New Triton rugby team hits the ground running

The Iowa Central rugby team hasn’t been on the scene for very long, but it didn’t take long for them to make their presence felt.

In their first action of the season, the Tritons won a “sevens” tournament at South Dakota State University recently. They went 1-1 in pool play, beating Wayne State and losing to top-seeded Iowa.

Iowa Central earned the No. 4 seed after pool play, then defeated Simpson College, South Dakota State, Wayne State, and avenged their loss to the Hawkeyes to capture the crown.

“Everyone kept calling us Central, being new on the scene. We had to keep correcting them,” said Iowa Central head coach Brent Nelson. “Afterwards, I talked to a friend of mine, and he said, ‘no one is going to get your name wrong now.’

“Now we’re on the map.”

It didn’t long for Iowa Central to get active on the pitch.

“I was talking to (ICCC dean of business and industrial technology)?Neale Adams, who was a huge fan of rugby,” Nelson said. “Neale and I took the idea to Tom Beneke (vice president of student enrollment management and student development at Iowa Central), and they heard our presentation.

“The board approved us official for the fall of 2016. We want this as a varsity sport – not just a club sport.”

Nelson knew the sport’s growing popularity would help the team gain instant credibility.

“There are 20 high schools that have boys rugby,” Nelson said. “Right now, we don’t really fit in anywhere yet. We’re so unique and progressive at Iowa Central.

“We took kids from Iowa Central that were already on campus as college athletes. The goal is to aim high, and that’s where we stand. We started the team from the ground up, and are ready to keep it moving.”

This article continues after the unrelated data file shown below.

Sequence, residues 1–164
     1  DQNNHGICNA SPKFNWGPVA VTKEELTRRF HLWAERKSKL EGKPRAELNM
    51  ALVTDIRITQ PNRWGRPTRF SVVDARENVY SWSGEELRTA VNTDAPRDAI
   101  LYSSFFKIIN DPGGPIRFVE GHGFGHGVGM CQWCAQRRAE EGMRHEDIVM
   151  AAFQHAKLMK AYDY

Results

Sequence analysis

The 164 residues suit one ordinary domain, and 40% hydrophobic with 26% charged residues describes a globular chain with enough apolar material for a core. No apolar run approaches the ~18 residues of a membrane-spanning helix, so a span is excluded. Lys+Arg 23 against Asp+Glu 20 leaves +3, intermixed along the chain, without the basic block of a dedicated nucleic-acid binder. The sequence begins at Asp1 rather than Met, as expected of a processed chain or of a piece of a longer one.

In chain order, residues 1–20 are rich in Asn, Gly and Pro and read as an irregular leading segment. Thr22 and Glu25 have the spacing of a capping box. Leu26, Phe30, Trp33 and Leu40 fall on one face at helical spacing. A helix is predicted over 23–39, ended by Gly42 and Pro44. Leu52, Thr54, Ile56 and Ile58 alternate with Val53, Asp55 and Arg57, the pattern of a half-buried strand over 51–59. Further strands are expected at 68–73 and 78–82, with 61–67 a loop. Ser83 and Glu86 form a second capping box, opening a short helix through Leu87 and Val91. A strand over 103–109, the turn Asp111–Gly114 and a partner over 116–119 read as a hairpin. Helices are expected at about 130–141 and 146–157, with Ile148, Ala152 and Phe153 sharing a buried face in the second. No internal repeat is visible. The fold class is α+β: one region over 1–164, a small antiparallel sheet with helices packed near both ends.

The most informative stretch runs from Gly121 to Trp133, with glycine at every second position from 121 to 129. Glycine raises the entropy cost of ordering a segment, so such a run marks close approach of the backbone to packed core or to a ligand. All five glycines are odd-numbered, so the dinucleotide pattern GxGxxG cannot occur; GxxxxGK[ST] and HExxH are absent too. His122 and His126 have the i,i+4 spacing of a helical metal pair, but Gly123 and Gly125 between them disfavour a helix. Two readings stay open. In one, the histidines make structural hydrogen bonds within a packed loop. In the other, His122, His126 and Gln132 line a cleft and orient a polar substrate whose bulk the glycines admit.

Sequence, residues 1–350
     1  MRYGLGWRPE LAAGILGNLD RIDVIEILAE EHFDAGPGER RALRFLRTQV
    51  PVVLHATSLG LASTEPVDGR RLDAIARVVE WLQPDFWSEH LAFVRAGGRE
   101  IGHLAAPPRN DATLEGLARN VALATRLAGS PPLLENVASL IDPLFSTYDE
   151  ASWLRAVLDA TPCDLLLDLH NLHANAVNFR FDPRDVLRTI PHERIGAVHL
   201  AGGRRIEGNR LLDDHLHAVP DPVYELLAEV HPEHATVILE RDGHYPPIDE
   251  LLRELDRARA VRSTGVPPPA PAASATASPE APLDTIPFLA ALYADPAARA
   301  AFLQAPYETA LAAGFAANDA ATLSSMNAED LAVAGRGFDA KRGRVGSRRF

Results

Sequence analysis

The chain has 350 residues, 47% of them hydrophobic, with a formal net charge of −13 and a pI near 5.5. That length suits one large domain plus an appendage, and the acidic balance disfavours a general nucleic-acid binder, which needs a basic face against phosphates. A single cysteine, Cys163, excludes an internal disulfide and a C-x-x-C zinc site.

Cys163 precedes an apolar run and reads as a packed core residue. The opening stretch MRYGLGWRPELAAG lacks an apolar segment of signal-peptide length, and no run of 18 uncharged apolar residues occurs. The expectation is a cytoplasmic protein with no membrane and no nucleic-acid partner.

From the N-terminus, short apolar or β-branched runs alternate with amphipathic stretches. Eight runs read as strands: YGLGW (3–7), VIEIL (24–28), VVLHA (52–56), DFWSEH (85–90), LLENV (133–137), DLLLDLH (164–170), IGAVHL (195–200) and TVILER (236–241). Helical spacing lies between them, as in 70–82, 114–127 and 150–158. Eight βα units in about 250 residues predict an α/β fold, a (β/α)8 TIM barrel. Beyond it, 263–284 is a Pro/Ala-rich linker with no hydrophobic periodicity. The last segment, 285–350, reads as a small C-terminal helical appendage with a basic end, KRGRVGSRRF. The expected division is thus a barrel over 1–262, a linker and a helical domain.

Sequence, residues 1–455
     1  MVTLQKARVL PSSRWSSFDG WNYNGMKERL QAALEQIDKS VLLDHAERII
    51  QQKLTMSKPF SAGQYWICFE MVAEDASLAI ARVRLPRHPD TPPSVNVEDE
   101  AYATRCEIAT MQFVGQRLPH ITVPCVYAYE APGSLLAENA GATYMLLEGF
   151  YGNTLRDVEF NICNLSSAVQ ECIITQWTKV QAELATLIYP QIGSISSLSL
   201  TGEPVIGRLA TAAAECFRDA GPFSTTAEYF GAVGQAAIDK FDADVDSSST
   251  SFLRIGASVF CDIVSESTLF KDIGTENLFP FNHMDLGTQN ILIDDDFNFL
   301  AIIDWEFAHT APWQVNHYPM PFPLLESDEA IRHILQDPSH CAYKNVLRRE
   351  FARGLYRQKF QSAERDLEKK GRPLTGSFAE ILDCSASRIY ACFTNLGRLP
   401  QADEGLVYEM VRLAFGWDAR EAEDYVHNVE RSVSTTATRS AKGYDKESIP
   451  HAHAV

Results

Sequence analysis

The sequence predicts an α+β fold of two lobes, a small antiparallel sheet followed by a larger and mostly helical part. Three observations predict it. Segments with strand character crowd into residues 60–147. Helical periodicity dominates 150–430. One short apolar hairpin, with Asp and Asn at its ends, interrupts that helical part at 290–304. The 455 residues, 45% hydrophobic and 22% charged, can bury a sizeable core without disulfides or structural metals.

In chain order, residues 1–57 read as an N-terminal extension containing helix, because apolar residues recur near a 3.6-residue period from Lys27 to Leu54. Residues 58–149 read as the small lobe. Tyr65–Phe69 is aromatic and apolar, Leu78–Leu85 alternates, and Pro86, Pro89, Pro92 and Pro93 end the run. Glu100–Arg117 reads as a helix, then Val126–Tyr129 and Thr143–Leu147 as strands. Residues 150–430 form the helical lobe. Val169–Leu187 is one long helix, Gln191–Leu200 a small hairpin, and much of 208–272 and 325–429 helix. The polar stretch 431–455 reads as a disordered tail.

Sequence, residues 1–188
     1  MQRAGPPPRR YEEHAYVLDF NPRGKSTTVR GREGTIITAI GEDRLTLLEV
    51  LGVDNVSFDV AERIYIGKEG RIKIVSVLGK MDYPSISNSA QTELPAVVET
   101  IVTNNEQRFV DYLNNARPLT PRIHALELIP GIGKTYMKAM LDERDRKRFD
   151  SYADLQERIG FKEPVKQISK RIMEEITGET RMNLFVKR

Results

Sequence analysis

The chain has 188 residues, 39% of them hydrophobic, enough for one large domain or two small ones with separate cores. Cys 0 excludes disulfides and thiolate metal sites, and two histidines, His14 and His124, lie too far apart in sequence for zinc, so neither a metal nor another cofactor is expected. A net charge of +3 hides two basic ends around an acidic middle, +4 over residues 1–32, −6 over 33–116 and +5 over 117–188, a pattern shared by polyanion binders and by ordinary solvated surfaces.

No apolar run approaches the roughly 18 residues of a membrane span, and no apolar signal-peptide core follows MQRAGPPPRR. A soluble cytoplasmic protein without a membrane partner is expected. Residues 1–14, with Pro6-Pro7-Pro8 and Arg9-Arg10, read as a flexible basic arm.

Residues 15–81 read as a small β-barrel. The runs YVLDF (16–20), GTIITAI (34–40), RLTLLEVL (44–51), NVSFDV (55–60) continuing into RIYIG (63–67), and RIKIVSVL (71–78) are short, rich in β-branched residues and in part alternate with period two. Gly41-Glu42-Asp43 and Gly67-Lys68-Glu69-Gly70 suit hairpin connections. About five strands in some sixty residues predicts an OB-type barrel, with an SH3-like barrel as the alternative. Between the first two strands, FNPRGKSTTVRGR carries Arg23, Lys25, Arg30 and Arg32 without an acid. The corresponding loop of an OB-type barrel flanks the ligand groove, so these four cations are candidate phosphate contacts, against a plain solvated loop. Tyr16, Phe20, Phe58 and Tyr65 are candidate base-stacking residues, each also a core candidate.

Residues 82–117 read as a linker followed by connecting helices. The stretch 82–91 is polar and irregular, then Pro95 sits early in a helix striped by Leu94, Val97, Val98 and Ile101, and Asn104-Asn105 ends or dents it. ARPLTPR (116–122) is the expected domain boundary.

Nelson, a 1989 graduate of Humboldt, was introduced to rugby in 1999 when he joined a club team in Iowa Falls. He is currently assisted by volunteer coaches Skip Reed, Michael Hurst and Brandon Bush.

“We’ve been recruiting pretty significantly,” Nelson said. “We’re recruiting young men that will be good students and add to the community; community service and projects will be part of it.”

There are two versions of rugby: Union and League. Union rugby typically consists of two common matchups: 15-a-side and seven-a-side. The fifteens competition is an 80-minute match with two 40-minute halves; sevens is a 14-minute game with two seven-minute halves.

The objective in rugby is to advance the ball to score, which is done by running, kicking or passing the ball backward or lateral. There is no forward passing.

Five points are awarded for a score. An extra point kick is worth two. A penalty kick or drop kick is worth two.

“A lot of people think rugby is a brutal sport,” Nelson said. “There are elements of it that would be considered (as such), but if you look at concussion statistics, there are less (than other major contact sports).”

Nelson is excited to see the vision come to fruition.

“We’re here to stay,” Nelson said. “We want to win and we want to win now.

“One of the things we express as a staff is ‘next man up.’ We want to continue to build depth and not have a drop off.”